But this may not suit everyone. Some people don’t care about how and what changes are coming to their devices, but that’s what got us into this mess before with Apple and the battery issue which Apple effectively cheated and lied to us about, and Facebook and every privacy scandal they’ve been able to walk away from.

I believe that if you want to remain that kind of person, you have the full right. So I would love to see all of these options incorporated into the next iOS, or the one after that. The future is customization and personalized feature sets for everyone. It’s more expensive due to that, but that’s just where we’re headed. Hopefully, we’ll get to enjoy some good software on the way.

Good luck competing with Goodreads

Every once in a while, I come across a book management and listing tool. This is a broad category – it covers lists of the books you’ve read/want to read, your book notes, a social network inbuilt, and perhaps even the ability to buy books through them. Sometimes this is in the format of an app, and sometimes it’s a web service. Never mind that I actively seek these out (hey, everyone should have a past time), I always come out exasperated.

Why? Well, do you really want to build your entire book library all over again? I’m on the low-end of a prolific reader spectrum, and I’ve got about 260 books in my lists; that’s over a hundred books I’ve marked as read, and over one fifty that I want to. Most people have a lot more books than that in their lists, and almost all of them just hope in the back of their heads that Amazon doesn’t ever decide to kill Goodreads. Amazon has already been cozying up Kindle and Goodreads – you can post your Kindle reads, reviews, and notes directly to Goodreads through the Kindle apps. What’s to say that in a few years time they don’t decide that they’re done collecting our data through Goodreads and can shut the service down?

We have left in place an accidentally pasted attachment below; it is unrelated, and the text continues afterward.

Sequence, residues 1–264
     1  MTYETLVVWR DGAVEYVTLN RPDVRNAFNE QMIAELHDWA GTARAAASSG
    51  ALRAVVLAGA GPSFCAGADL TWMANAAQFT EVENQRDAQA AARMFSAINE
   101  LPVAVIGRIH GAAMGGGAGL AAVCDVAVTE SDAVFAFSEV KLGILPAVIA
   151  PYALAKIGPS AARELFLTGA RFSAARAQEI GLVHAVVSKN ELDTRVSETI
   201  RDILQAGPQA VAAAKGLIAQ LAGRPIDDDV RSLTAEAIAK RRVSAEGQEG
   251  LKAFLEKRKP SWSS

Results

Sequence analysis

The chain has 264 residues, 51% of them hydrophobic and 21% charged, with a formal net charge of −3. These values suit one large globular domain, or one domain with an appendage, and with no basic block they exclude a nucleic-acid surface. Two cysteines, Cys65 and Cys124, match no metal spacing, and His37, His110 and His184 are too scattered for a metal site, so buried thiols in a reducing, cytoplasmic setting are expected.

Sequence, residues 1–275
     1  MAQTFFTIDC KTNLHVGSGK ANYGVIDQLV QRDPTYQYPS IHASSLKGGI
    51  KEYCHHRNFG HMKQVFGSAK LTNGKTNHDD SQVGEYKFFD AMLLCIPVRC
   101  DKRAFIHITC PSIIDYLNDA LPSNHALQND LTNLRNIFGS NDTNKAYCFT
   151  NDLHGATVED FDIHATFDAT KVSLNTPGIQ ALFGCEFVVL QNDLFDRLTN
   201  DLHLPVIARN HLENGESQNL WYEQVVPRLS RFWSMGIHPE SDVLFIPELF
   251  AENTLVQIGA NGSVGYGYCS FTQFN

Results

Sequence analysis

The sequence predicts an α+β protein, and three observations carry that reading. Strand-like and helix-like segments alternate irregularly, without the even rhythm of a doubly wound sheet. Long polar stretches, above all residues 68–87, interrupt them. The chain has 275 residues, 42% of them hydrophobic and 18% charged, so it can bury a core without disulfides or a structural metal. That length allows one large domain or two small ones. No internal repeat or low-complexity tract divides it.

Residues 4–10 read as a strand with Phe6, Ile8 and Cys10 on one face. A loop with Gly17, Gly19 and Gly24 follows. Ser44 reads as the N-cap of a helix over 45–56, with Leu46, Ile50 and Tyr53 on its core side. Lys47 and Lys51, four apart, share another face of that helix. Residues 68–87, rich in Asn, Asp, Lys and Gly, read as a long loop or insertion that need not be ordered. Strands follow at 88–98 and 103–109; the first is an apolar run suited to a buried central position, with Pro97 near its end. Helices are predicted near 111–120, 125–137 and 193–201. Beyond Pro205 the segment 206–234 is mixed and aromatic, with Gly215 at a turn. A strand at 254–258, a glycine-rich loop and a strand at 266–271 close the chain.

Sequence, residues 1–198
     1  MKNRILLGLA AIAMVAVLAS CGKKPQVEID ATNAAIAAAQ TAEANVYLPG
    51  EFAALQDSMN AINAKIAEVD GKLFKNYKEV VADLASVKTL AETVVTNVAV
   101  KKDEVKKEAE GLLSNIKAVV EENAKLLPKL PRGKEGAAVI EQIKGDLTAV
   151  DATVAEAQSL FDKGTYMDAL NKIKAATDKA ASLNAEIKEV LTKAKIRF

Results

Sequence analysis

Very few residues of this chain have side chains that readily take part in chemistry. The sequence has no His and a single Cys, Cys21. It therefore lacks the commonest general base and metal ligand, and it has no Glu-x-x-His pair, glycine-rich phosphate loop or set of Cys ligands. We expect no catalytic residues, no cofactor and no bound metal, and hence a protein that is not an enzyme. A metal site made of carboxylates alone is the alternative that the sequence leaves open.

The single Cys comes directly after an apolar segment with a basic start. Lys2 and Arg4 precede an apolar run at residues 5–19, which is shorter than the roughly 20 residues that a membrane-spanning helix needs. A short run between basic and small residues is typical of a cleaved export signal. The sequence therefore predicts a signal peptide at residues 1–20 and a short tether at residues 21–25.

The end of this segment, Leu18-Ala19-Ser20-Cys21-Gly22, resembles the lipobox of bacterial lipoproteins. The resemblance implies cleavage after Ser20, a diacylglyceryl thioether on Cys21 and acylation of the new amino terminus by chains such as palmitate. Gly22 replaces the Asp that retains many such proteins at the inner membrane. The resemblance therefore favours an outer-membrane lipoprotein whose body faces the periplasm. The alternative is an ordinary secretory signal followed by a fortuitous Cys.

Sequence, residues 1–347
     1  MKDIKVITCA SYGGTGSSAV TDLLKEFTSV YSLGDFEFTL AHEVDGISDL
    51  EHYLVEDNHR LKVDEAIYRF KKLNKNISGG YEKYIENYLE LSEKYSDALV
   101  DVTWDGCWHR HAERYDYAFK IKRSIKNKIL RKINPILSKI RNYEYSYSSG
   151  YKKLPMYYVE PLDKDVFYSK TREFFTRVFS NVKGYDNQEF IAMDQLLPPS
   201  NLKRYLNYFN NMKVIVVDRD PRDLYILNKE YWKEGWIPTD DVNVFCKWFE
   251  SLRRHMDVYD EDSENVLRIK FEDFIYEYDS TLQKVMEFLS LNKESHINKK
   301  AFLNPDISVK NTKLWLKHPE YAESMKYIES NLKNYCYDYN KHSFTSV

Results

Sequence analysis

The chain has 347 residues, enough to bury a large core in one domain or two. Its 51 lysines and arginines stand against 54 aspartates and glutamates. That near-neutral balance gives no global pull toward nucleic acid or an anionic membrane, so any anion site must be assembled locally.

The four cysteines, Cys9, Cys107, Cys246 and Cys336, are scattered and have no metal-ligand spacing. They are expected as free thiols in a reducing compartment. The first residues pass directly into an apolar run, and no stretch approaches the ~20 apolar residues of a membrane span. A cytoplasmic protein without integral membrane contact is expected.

Oh, but don’t worry, you can export all your Goodreads data!

Really? Thanks! What do I do with it once I’ve exported it?

Uhhhhh…

See, this is the problem. This is why I keep looking for alternatives. But every time I come across one, I immediately realize the blind spot they aren’t addressing. If you’re an app/service, what you need to jump-start your platform is data. The ‘elegant’ way of doing this is to ‘ask’ the user for it. I put that in quotes because it’s more mandatory than just a small ‘ask’. If I come to a service, spend some time poking around, and realize I need to input all of my books all over again, that’s an immediate turn off. Services like Goodreads aren’t like conferences, where you can slap on a name tag and wander around till you find someone interesting to talk to. They’re more like parties, where if you don’t know anyone, you’ll just end up bored and.

So, this is what I ask of you if you’re making a service to compete with Goodreads – ask the user to export their data in an ugly .csv format and import the entire file to your service. Then you’ve got the entire library the user has curated on your rival service since the dawn of time without lifting a finger. You don’t even have to have this as the front and center of your UX. Get your user onboarded, get them talking, and then somewhere along the way, gently tell them you’ve got this amazing import feature that’ll help them quickly ramp up. If they care about books, they’ll do it. Those are the serious users of your platform anyways.

But nowhere have I seen this happen. I’ve recently come across a few apps – Litsy (by LibraryThing), Reading List (which seems to allow CSV imports, but needs them to be in its own format, instead of the Goodreads format; you’re this close folks!), BookBuddy (again, imports only its own data, god knows why) and some web services which I’ve already forgotten about, none of which seem to understand this basic concept of stealing from the enemy.